With the help of my grandmother I learned how to knit during the lockdown, which was always my dream. I grew up in my grandma’s sweater creations and couldn’t wait to continue her legacy. I’m incredibly happy that I made the decision to take up knitting! It’s probably been my favourite lockdown

activity aside from baking, because it does wonders for reducing my stress and anxiety and is a great way to express myself creatively. Throughout the quarantine I made a few scarves and am now in the process of making a knitted vest. I also started doing embroidery.

In the midst of doing all of those things, I realized that I’m not bored anymore. I became excited to do something new everyday, to push myself not only creatively, but also in terms of simple everyday chores. Baking, reading and knitting helped me to see that if I want to, I can be productive. You see, the key word here is ‘want’. I realised that I’m unstoppable, but only if I truly WANT to be. Maybe it doesn’t seem like much, but to me, this was a huge turning point.

Although I could write on and on about my hobbies and how much I’ve grown, to me, the most important thing is how lockdown brought my family together. We started talking to each other more often, we played board games and cards, watched movies, made food together, went on walks. This time served us really well, and overall I can honestly say we’ve never been closer.

Meeting my friends online ended up being quite bittersweet. We tried to make the most out of the resources we had, playing board games online, using group chats and talking on the phone or through Zoom. I think, paradoxically, we all put in more effort to see each other while we were in quarantine. But of course, you can’t compare online to face-to-face meetings. I can’t wait to meet all of them, now that things are starting to open up again.

I am incredibly grateful to say that aside from being in lockdown, my family and friends haven’t been affected by the pandemic. I know there are many people who suffered tremendously during this time, and lost their family members, jobs and homes. I am really sorry and can’t even imagine how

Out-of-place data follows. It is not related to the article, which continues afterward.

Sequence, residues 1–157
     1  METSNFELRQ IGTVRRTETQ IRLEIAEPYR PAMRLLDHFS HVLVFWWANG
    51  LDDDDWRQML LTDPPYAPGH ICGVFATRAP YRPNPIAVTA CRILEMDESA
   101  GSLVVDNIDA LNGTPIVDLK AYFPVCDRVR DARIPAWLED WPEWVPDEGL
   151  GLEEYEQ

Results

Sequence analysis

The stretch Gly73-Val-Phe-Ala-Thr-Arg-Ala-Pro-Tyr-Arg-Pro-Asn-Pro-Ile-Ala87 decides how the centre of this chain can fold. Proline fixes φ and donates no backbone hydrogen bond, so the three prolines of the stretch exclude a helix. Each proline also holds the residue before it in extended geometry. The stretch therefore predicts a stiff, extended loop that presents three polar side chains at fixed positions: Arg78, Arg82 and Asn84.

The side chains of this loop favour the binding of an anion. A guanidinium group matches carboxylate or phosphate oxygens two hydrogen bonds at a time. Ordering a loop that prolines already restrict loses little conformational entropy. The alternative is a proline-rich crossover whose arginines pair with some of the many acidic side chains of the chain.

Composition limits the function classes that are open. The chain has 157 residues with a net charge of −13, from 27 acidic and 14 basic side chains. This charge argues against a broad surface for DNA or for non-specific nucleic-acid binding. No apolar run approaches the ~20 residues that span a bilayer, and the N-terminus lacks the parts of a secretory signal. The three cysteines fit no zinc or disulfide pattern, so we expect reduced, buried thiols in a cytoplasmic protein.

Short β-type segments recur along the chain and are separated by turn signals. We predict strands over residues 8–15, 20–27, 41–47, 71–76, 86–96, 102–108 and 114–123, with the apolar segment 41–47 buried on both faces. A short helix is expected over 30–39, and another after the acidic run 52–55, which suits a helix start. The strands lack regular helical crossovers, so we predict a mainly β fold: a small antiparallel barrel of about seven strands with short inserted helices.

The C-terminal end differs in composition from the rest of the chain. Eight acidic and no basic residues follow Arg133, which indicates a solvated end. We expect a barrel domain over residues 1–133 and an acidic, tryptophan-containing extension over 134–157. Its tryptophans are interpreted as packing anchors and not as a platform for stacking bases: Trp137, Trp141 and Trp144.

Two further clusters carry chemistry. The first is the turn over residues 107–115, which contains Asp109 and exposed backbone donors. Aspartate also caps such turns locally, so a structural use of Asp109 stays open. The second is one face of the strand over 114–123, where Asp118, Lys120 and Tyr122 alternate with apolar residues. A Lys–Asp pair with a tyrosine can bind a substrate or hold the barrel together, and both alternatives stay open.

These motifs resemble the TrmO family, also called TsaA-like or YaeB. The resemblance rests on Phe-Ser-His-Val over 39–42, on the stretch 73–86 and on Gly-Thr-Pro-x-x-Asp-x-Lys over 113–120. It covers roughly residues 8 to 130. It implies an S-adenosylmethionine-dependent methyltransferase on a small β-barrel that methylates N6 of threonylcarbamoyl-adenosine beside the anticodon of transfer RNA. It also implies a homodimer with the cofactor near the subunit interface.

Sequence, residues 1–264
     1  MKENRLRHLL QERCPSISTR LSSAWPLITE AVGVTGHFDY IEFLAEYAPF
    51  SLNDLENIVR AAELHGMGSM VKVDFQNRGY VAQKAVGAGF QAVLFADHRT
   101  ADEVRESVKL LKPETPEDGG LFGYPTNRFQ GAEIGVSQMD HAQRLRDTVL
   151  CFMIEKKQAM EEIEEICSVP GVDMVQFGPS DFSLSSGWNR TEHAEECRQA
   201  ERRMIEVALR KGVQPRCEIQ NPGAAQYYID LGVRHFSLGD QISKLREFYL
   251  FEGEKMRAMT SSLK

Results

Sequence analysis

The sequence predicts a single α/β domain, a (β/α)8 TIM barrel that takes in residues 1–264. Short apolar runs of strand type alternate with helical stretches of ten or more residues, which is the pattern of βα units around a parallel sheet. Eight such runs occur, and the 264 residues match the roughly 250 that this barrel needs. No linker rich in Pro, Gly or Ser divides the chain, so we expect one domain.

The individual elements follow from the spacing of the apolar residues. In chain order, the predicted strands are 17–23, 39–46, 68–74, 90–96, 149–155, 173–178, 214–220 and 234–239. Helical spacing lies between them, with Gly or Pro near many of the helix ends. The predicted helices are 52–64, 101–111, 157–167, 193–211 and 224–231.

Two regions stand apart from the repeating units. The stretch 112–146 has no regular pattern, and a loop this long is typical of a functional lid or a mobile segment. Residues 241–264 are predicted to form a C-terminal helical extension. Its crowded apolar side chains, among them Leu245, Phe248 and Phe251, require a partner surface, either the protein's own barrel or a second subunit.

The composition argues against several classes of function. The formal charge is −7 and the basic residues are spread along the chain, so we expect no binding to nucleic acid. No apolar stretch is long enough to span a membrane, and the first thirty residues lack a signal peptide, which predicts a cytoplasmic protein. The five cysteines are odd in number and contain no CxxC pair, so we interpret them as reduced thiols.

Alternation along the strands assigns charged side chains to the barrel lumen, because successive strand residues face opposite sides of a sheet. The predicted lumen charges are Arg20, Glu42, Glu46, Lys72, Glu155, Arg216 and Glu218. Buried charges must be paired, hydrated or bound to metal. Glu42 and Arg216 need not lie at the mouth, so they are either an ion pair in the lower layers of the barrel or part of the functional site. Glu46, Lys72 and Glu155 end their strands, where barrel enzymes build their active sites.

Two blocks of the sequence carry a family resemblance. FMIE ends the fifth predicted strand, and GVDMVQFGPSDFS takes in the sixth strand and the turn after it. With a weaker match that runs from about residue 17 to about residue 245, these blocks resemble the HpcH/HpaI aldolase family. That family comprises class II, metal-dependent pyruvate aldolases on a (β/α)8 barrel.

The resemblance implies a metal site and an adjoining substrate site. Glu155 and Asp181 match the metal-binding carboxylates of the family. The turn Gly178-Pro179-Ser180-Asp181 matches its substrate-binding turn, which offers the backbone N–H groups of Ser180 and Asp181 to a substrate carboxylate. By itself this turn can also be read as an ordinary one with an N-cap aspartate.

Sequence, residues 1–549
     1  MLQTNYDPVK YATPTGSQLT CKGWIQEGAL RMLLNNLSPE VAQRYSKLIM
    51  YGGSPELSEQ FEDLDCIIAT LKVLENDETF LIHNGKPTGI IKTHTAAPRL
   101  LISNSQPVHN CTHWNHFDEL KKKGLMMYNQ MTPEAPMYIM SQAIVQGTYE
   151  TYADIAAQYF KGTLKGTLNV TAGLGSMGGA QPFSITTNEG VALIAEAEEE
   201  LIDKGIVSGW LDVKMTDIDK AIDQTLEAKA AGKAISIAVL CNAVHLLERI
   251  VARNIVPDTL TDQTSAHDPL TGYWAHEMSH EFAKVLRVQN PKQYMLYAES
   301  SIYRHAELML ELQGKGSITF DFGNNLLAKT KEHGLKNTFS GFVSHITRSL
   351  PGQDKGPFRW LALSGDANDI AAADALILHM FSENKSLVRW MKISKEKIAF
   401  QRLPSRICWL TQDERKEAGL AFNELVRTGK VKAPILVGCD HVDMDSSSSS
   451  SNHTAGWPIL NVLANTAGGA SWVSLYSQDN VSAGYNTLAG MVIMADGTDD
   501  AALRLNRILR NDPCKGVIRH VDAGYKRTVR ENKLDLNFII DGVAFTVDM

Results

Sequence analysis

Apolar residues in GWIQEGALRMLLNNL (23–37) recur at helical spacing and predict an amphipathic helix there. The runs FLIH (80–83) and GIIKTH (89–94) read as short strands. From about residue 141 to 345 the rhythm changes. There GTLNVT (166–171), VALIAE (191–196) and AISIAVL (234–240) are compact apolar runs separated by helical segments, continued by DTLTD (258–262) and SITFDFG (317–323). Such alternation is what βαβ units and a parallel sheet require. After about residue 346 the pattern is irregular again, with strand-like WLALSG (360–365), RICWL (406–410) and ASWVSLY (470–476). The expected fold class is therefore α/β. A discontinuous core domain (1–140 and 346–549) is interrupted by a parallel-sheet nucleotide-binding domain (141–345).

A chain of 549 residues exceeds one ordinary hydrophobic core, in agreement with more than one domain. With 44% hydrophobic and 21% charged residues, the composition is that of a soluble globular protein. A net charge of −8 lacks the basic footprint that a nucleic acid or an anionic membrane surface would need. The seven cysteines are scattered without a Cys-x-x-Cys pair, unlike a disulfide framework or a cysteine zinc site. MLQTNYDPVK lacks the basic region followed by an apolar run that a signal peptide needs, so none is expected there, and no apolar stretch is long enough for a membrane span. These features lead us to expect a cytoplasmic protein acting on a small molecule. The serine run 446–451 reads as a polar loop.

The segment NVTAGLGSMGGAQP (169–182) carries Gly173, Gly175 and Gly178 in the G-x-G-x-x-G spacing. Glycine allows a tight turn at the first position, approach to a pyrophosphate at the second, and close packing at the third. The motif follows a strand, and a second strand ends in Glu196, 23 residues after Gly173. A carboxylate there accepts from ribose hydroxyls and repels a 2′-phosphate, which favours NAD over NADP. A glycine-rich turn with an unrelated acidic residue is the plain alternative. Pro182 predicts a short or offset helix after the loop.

hard it must be to still live with the consequences today. As I said, I am extremely thankful that I got to use this time this way.

Quarantine shifted my perception of my everyday life. Suddenly every minute I got to spend with my friends online, every walk outside, every project became so much more important. Days passed so quickly, that everything that was even slightly different from the routine was extremely exciting. I remember the joy when I first went to a regular grocery store. Seeing ‘the outside world’ felt like a blessing – before the quarantine something like going grocery shopping was simply a chore.

I want to make an effort to maintain this mindset of being so excited anytime something ‘unusual’ happens. I invite anyone who’s reading this article to try doing the same. Even in the smallest of things it makes a huge difference.

I’m eternally grateful for this time. It served as a huge wake up call. Quarantine motivated me to finally start doing what I love and stop procrastinating. It made me realise how much time I had spent on meaningless things, and ever since I try my best to use what I have to my best ability.

I have to say that the lessons I learned during this time are more important than the inconveniences. If you had to take one thing away from this article, remember: you can do anything if you really want it!

I don’t have anything else to say. For me quarantine was truly a blessing in disguise.